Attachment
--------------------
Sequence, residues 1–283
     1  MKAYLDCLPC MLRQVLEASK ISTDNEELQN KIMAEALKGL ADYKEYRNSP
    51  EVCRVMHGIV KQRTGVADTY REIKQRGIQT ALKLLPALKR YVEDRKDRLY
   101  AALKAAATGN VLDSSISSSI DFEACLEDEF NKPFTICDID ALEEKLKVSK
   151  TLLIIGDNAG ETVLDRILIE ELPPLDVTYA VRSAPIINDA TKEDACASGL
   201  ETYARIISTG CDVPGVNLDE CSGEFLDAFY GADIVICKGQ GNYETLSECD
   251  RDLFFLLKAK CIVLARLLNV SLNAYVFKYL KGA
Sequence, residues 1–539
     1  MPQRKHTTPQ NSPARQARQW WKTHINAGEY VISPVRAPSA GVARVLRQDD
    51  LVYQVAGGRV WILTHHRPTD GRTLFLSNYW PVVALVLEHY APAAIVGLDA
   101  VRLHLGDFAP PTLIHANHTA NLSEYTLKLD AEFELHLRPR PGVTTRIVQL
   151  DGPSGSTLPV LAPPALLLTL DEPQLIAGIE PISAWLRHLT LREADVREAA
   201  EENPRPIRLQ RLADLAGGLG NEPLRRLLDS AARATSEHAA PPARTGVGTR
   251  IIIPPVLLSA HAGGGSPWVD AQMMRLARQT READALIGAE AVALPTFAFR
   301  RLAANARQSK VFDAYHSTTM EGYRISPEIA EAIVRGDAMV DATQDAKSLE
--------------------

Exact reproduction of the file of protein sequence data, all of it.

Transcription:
Sequence, residues 1–283
     1  MKAYLDCLPC MLRQVLEASK ISTDNEELQN KIMAEALKGL ADYKEYRNSP
    51  EVCRVMHGIV KQRTGVADTY REIKQRGIQT ALKLLPALKR YVEDRKDRLY
   101  AALKAAATGN VLDSSISSSI DFEACLEDEF NKPFTICDID ALEEKLKVSK
   151  TLLIIGDNAG ETVLDRILIE ELPPLDVTYA VRSAPIINDA TKEDACASGL
   201  ETYARIISTG CDVPGVNLDE CSGEFLDAFY GADIVICKGQ GNYETLSECD
   251  RDLFFLLKAK CIVLARLLNV SLNAYVFKYL KGA
Sequence, residues 1–539
     1  MPQRKHTTPQ NSPARQARQW WKTHINAGEY VISPVRAPSA GVARVLRQDD
    51  LVYQVAGGRV WILTHHRPTD GRTLFLSNYW PVVALVLEHY APAAIVGLDA
   101  VRLHLGDFAP PTLIHANHTA NLSEYTLKLD AEFELHLRPR PGVTTRIVQL
   151  DGPSGSTLPV LAPPALLLTL DEPQLIAGIE PISAWLRHLT LREADVREAA
   201  EENPRPIRLQ RLADLAGGLG NEPLRRLLDS AARATSEHAA PPARTGVGTR
   251  IIIPPVLLSA HAGGGSPWVD AQMMRLARQT READALIGAE AVALPTFAFR
   301  RLAANARQSK VFDAYHSTTM EGYRISPEIA EAIVRGDAMV DATQDAKSLE